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Cath Everett

Sift Media

Freelance journalist and former editor of HRZone

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News: Kite marked pensions required to plug employer “advice gap”

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A kite mark system should be introduced in order to help employers find value for money pension schemes and help plug the current “advice gap”, a report has recommended.

If change does not take place, millions of workers signing up to the government’s auto-enrolment scheme, which came into force for large employers on 1 October, could end up victims of a “mis-selling scandal on an unprecedented scale”, it warned.
 
The report published by the Pensions Institute, which is part of the Cass Business School, pointed out that pensions could end up becoming a “lottery” unless the government, regulators and industry took action.
 
The problem was that if employees joined defined contribution schemes, they could face both high and disguised charges and poor investment returns.
 
The issue was particularly acute among pension savers with employers that already ran schemes because, even if they opened a new lower cost pension, staff were likely to have savings in the old scheme. As a result, the high charges on “legacy” schemes had to be “abolished”, it said.
 
Another unintended consequence of auto-enrolment among small employers was the creation of an “advice gap”. But the report recommended that the introduction of a kite mark could help them find pension schemes that represented the best value for money.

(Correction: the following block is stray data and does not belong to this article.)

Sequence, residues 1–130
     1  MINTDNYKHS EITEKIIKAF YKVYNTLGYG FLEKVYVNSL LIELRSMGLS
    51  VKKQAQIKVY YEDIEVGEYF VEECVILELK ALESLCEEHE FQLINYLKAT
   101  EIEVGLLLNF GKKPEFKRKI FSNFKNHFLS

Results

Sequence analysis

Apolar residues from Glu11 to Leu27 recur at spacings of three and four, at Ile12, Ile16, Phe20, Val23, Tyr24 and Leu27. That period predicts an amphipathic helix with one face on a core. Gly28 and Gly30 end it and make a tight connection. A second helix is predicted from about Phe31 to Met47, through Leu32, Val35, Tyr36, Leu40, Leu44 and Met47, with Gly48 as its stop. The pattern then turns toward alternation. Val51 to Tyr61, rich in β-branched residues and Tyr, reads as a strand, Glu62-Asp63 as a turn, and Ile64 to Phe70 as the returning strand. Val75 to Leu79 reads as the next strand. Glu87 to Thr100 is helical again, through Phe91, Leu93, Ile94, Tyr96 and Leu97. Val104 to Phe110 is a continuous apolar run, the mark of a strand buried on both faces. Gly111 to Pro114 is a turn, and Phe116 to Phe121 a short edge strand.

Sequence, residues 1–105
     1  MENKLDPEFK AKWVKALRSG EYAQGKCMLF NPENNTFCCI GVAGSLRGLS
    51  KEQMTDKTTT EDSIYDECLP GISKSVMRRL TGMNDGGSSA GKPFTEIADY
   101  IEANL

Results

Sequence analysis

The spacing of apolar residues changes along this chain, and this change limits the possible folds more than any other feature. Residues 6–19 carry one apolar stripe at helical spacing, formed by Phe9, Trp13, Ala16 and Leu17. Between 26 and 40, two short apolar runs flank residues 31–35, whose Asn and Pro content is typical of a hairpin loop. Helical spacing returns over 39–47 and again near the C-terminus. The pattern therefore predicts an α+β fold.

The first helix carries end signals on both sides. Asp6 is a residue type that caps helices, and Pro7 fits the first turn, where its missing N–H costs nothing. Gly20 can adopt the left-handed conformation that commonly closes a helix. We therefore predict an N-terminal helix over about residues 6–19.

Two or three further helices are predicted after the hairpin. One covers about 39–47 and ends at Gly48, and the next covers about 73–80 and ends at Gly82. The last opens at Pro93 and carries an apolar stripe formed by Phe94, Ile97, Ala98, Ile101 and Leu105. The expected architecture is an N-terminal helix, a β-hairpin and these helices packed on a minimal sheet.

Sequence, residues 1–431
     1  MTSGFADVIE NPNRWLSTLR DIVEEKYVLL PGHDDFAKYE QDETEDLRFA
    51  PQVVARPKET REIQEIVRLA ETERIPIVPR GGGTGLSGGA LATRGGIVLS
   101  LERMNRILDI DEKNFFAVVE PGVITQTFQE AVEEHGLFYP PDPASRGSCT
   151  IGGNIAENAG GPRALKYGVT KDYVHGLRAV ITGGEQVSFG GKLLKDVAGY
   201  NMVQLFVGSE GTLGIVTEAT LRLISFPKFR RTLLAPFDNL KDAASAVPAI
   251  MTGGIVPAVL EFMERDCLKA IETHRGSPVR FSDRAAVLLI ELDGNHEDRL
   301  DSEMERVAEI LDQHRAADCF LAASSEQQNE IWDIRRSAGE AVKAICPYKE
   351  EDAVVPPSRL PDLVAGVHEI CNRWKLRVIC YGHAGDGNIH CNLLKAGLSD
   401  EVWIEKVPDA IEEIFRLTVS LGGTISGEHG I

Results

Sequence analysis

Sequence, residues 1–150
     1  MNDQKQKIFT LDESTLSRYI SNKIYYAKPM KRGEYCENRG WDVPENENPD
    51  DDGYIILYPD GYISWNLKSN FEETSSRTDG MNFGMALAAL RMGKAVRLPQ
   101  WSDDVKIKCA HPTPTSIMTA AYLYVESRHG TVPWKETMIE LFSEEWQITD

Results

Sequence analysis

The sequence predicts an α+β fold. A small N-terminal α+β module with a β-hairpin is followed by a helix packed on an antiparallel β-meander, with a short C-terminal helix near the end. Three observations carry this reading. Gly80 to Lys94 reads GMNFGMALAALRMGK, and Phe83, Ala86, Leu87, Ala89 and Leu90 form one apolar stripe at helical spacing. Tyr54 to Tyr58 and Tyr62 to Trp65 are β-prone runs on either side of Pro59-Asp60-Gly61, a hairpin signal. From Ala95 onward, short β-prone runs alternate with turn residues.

Professor David Blake, director of the Pensions Institute, said that there was still time to tackle the issue as most small firms were not expected to comply with auto-enrolment until mid- to-late 2013.
 
“A clearly signposted kite mark website for good quality value for money schemes, available to all employers irrespective of their size and employee profile, would facilitate fair and equal treatment for all private sector employees,” he said.
 
The report entitled ‘Caveat Venditor’ argues that auto-enrolment should be governed by the principle of seller rather than buyer beware. The problem at the moment was that, because employees were auto-enrolled passively into schemes, they were essentially “buying blind”, it said.

Visit nowpensions.com for more information about defined contribution pension schemes.

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Author Profile Picture
Cath Everett

Freelance journalist and former editor of HRZone

Read more from Cath Everett
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